Oh, just another week, really. The president intimidates one witness, another witness has Donald Trump dead to rights on not caring about anything Ukraine except how it could help him beat Joe Biden, and the attorney general gives a fascist speech making it clearer than ever that he’s going to spend the next year doing everything he can to turn the Justice Department into the committee to re-elect the president.
That’s a lot of fodder. In Democrat-land, though, it looks like it’s going to another week of repeating the same old arguments about Medicare for All.
Yes, there’s another debate Wednesday. I really have come to loathe them. They show all of them at their worst. The culprit of course is television: the need for conflict, and the desire of moderators to press the candidates to lock into commitments that everybody knows are irresponsible and ridiculous. And Medicare for All is Exhibit A here. Why? Because nobody’s passing a Medicare for All bill. The elevation of that issue to its current level of prominence is the biggest con job in contemporary politics. Yes, it has changed the conversation in good ways and moved the center of gravity leftward. But as for the bill itself, there aren’t 20 votes in the Senate for what Bernie Sanders and Elizabeth Warren are proposing.
In fact, here’s a little reality-check trivia question for you: How many Democratic senators have co-sponsored Sanders’ Medicare for All bill? At least half of them, you think? Surely at least 20? Nope. Try 14. And three of those are or were presidential candidates who pretty obviously just signed on for that reason (Kirsten Gillibrand, Cory Booker, and Kamala Harris, who swiftly backed off M4A after that first debate). So the real number is 11. That’s out of 47.
And in the House? Higher, to be sure: It’s 118 out of 233. Still, that’s barely more than half. And we know the leader of the House Democrats is against it, as is the leader of the Senate Democrats, so they’re not going to be bringing it to the floors. The Democrats could win the White House and the Senate and improve their House margin next November, and even with all that, M4A has as much chance of becoming law as I do of replacing Benedict Cumberbatch as the star of Doctor Strange in the Multiverse of Madness.
And yet, what have all these debates spent the first 45 minutes, sometimes the first full hour, on? Yep. I swear if I owned a revolver, I’d pull an Elvis and shoot the TV. As it is I sit there screaming at the television, “Will one of you candidates please have the stones to change the subject?” I’m dying to see the candidate who says: “With all due respect, we’ve spent enough time on this. It’s very unlikely to become law. People are going to start turning the channel. I want to talk about wages.”
Wages! Now there’s a topic! After the last debate, I pulled up the transcript and searched for the word “wages.” It appeared four times, as I recall. Three of those were Elizabeth Warren talking about teachers’ and child-care workers’ wages, and the fourth was Amy Klobuchar talking about her mother’s wages as a member of her teachers’ union. The phrase “minimum wage” got three quick mentions: from Booker, Harris, and Tom Steyer.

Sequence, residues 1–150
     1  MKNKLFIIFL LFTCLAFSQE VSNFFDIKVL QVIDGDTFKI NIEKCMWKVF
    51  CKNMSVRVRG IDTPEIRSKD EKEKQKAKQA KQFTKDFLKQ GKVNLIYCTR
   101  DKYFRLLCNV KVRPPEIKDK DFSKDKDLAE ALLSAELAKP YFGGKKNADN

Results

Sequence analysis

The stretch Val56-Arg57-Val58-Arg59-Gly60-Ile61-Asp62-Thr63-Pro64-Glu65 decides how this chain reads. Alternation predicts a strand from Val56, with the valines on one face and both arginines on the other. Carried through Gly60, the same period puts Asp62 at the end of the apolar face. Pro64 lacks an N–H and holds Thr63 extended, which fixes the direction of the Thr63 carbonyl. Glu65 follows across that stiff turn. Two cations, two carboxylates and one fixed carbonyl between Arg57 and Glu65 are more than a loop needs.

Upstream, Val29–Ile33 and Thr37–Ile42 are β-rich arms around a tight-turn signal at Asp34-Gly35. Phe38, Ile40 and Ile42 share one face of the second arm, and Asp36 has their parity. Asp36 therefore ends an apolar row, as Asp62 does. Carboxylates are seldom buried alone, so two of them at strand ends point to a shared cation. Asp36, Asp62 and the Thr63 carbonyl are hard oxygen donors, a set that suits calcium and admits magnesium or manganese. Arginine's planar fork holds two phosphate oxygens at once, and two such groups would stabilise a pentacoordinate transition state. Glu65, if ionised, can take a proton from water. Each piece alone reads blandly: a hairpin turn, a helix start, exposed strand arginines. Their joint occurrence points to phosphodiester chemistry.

Those are all fine, but really? Wages are pretty central to people’s lives! And it’s a far more dire situation in this country than health care. About 92 percent of Americans have health care, and the polls tell us that most people find their plans more or less satisfactory (yes, they don’t understand all the ways in which people in other advanced countries have it better, but still, the polls are the polls).
But wages? Everybody below the top 5 or so percent is getting screwed. The median wage in this country is—are you ready?—$31,099. That’s a 2016 figure, so it’s surely a little higher now; let’s call it $35,000. The median household income is around $62,000. If wages had grown in this country in the last 30 years at anything like the rate they grew for the 30 years before that, both of those figures would be far, far higher. But the last 30 years have been kind mostly to the very rich and those with advanced degrees.
But if wages even come up during these debates, it’s just the minimum wage. That’s important, don’t get me wrong, but it’s only part of the story. There’s overtime pay, the far-too-little-discussed issue of wage theft, strengthening unions, changing corporate tax law to incentivize paying higher wages—lots of ways to talk about the issue. Never. Comes. Up.
Likewise, climate change didn’t come up at the last debate. That’s just insane. I hope on this one they make up for last time, but even if they do, chances are slim that it’ll be a substantive conversation. It’ll devolve into a numbers race, with Sanders shouting $16.3 trillion (his total dollar figure) and everyone else being forced to defend spending less, as if a higher dollar figure is on its own a sign of greater seriousness, which it ain’t.
In that different universe where we all wished we live, the candidates’ health-care debate would be on public television, and they’d be questioned by people like Harold Pollack, Marcia Angell, and Paul Starr. I know that’s impossible. But in the universe we inhabit, the moderators—who are really smart people, Rachel Maddow and so on—could at least at this point move the conversation in other equally important directions.
The candidates need to do it, too, even more. It would be so refreshing to see one of them challenge the rules and the format. In fact, being able to do that seems like a quality that’s pretty relevant to the job of beating Donald Trump.